March 5, 2012

Flurry of HackMaster Requests

One of the side-things I do is moderate part of the Kenzer & Company forums.  The discussions there can get a bit interesting from time to time and some not so much.

With the new HackMaster Players Handbook going to press any day now there has been a flurry of activity trying to help the D-Team get things together for printing.

Some more amusing "work" has been reading some of the things people want to see in "their" game.  There has been some bitching, griping, and moaning about how this rule makes no sense or how "nerfed" a revised character class has been.

I'll freely admit I haven't been immune to this process.  In one of the updates they dramatically changed the favored weapon of my current Sunday Night PC.  Historically the Warhammer, like many weapons, ranged greatly in size.  HackMaster has added the Greater Warhammer to the weapon lists.  It was 60% longer than the "regular" Warhammer and did a d8p+d10p damage instead of 2d6p.  It was also twice as slow.  I'm not one to do the damage per seconds calculations as if Hackmaster was a computer game, but when they changed the Greater Warhammer I had to do just that.  The D-Team had already figured out and approved of the Greater Warhammer in HackJournal, their quarterly publication.  Some tweaks are to be expected as things get refined, but what they did was make the weapon 40% larger than it was before, make it two handed, and tweak the damage to 2d8p+3.  It was the same size as a Long Sword but slower and now required two hands.

I did complain about it because it wasn't a tweak, it was simply a whole new weapon with an old name, a weapon that didn't exactly fill a niche.  The Long Sword and the "regular" Warhammer were better in just about every way.  There was no reason for anyone to want the Greater Warhammer.  I was able to convince my GM to let me swap out for the Warhammer and then the D-Team switched the stats back.  Even though statistically the Warhammer is a better weapon than the Greater Warhammer, I was happy that it was fixed and I could restore my PC.   Balen Lionsbane was originally named Balen Shield-Splitter and my whole character concept was about potential damage to an opponents shield.  Yes, there are better weapons that would help my PC succeed in combat, but when it came to weapon choice I had a theme I was trying to follow.

Now I was lucky in getting the D-Team to respond to my request, probably because I was able to show that the changes didn't add anything to the game.  The D-Team are largely engineers by training and they really get behind the math when calculating  game mechanics.  Potential changes need to make sense and support some semblance of game balance.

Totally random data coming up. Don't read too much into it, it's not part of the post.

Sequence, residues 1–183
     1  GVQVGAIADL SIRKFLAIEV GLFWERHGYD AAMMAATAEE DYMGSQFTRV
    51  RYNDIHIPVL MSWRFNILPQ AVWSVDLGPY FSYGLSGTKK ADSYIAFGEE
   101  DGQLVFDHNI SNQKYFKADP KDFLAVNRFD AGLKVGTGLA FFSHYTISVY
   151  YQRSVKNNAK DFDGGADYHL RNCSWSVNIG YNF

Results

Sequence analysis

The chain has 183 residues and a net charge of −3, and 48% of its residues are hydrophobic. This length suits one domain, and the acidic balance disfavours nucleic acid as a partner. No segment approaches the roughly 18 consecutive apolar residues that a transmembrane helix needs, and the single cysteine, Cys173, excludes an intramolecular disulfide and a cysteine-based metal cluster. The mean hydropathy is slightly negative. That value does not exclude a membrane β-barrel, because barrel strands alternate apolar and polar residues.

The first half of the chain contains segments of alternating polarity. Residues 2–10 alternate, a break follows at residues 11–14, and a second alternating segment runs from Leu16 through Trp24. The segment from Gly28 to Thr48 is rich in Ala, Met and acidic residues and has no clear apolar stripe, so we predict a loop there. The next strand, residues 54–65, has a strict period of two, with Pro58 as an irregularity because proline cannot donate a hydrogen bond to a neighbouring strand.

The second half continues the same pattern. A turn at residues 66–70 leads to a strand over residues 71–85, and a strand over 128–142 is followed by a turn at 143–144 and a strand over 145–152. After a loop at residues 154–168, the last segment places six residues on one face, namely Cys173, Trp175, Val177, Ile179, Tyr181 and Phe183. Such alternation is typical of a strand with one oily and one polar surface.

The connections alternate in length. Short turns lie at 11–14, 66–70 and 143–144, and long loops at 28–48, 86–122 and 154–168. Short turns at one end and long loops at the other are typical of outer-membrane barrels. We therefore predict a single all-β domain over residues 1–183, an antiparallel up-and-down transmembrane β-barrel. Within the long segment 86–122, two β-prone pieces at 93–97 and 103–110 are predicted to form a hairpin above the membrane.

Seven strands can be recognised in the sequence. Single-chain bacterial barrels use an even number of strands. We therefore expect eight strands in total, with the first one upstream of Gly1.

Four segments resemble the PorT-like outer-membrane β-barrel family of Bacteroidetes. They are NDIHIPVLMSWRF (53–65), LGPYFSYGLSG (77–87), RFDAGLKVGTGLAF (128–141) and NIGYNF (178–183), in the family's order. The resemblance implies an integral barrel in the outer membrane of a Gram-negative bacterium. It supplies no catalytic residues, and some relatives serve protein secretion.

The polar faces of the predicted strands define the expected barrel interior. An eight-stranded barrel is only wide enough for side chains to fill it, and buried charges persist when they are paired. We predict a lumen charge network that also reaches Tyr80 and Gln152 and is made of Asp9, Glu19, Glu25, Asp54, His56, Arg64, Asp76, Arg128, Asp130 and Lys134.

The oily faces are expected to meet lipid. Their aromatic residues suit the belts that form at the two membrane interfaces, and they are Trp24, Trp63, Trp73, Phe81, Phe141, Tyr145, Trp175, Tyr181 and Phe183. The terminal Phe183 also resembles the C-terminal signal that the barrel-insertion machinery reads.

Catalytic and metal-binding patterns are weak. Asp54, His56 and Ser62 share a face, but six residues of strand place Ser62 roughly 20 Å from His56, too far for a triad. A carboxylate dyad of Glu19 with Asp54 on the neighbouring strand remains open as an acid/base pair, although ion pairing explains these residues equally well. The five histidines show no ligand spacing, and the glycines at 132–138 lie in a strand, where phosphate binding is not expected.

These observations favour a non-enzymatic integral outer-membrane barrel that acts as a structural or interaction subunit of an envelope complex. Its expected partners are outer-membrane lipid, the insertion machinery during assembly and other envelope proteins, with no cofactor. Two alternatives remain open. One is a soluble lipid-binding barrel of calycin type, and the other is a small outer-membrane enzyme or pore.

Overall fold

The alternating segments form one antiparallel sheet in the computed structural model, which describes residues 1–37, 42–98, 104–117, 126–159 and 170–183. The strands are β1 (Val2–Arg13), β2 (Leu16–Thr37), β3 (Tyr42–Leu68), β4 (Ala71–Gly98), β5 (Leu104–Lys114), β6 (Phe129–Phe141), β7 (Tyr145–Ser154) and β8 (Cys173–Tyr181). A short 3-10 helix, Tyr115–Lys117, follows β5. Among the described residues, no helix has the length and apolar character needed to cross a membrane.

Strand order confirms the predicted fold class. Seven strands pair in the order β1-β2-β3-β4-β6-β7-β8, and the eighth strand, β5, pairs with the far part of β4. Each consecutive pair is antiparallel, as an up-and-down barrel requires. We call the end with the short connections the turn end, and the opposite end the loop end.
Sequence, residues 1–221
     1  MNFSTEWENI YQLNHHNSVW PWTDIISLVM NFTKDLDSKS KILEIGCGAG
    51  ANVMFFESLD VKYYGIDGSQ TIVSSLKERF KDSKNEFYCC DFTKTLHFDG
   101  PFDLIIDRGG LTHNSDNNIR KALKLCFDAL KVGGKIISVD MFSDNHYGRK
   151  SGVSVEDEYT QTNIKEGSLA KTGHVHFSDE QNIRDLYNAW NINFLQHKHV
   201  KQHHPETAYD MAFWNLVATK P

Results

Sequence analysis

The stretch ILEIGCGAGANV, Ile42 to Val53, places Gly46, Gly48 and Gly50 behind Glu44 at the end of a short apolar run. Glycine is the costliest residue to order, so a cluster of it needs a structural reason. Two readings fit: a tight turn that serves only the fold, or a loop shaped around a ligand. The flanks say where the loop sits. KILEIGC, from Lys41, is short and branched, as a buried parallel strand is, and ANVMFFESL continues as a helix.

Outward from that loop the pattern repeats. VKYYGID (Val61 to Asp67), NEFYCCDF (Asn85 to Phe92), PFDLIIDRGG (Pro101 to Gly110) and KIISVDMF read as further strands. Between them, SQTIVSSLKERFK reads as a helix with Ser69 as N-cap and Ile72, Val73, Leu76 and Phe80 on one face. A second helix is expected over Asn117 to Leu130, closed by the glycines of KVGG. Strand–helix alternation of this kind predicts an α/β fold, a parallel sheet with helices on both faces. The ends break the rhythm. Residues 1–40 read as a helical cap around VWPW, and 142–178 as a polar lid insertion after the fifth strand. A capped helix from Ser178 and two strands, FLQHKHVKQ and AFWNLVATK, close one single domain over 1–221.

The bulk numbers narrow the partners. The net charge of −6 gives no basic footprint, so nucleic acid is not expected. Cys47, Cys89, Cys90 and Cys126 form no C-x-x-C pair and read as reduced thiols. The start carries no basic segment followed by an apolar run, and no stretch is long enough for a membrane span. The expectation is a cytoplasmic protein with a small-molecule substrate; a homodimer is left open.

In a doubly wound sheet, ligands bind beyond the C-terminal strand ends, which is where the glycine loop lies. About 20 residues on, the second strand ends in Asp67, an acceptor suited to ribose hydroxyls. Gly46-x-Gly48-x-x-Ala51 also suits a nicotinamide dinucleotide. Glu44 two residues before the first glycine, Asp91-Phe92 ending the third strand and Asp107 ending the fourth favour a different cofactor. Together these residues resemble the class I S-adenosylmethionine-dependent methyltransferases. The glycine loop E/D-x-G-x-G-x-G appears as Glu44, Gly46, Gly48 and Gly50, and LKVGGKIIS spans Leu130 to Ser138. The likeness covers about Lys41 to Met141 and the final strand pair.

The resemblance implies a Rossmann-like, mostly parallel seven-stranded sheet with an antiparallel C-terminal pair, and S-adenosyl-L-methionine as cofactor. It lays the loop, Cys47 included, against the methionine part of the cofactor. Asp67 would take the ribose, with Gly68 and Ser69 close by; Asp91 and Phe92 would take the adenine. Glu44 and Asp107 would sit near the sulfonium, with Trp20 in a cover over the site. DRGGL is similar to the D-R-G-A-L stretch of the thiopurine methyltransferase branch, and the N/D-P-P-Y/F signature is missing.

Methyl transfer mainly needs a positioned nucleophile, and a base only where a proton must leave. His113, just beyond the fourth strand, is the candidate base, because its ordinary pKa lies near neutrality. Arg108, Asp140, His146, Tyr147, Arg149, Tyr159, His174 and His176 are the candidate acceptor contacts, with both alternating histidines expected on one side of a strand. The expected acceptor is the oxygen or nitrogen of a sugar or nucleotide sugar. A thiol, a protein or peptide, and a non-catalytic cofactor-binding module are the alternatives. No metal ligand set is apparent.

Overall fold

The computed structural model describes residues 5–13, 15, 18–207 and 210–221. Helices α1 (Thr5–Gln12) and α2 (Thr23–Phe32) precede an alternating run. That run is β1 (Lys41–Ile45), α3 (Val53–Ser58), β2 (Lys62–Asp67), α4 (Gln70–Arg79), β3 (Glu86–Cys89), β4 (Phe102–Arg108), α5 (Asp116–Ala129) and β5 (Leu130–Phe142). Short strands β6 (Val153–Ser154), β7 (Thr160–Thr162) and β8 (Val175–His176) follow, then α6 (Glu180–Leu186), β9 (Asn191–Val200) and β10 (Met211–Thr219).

Some players complained that a particular spell was too powerful when/if a Mage dumped everything they had into that one spell.  Aside from the fact that this one spell would come at the cost of being able to do anything else unless the caster was high level, there wasn't much in the argument aside from players thinking it was unfair.  The requests were to take the spell back a notch, which may "feel" right, but isn't necessarily promoting balance.  I did notice that the spell description, as it pertains to being augmented, broke the specified rules regarding "bumping up" spells with spell points.  Hopefully that will be remedied which should make people happy.

As we get down to the wire, some of the last-minute stuff is a bit much in my opinion.  There are some who would like to see "optional" rules to introduce gender differences in character creation.  I just don't get this because it's already been proved that making female PCs "suffer" imbalances just ticks off the female gamers.  HackMaster Basic had the "Sean Connery Effect" where as PCs aged, the women lost some of their looks, but the men didn't.  Really?  I could see some men aging gracefully, just as there are some women that do, but to issue a blanket statement that all women get uglier with age and all men don't......I have to call BS.  This has been fixed in the new edition as a purchasable talent.  What a few are advocating now is that men and women get to swap out part of a attribute stat to account for gender differences.

I get that stereotypes exist for a reason and there is usually at least a grain of truth in there somewhere.  Even if we could have a blanket statement that women are X% weaker then men and X% smarter, does that need to be expressed in a fantasy game where statistics are driven by a combination of die rolls and building point expenditures?  Do female adventurers accurately depict the gender as a whole in the fantasy setting?

I for one want to stop talking about the game and just enjoy it when it comes out.  At this point if there is something that I can't live with or live without we can house-rule it.

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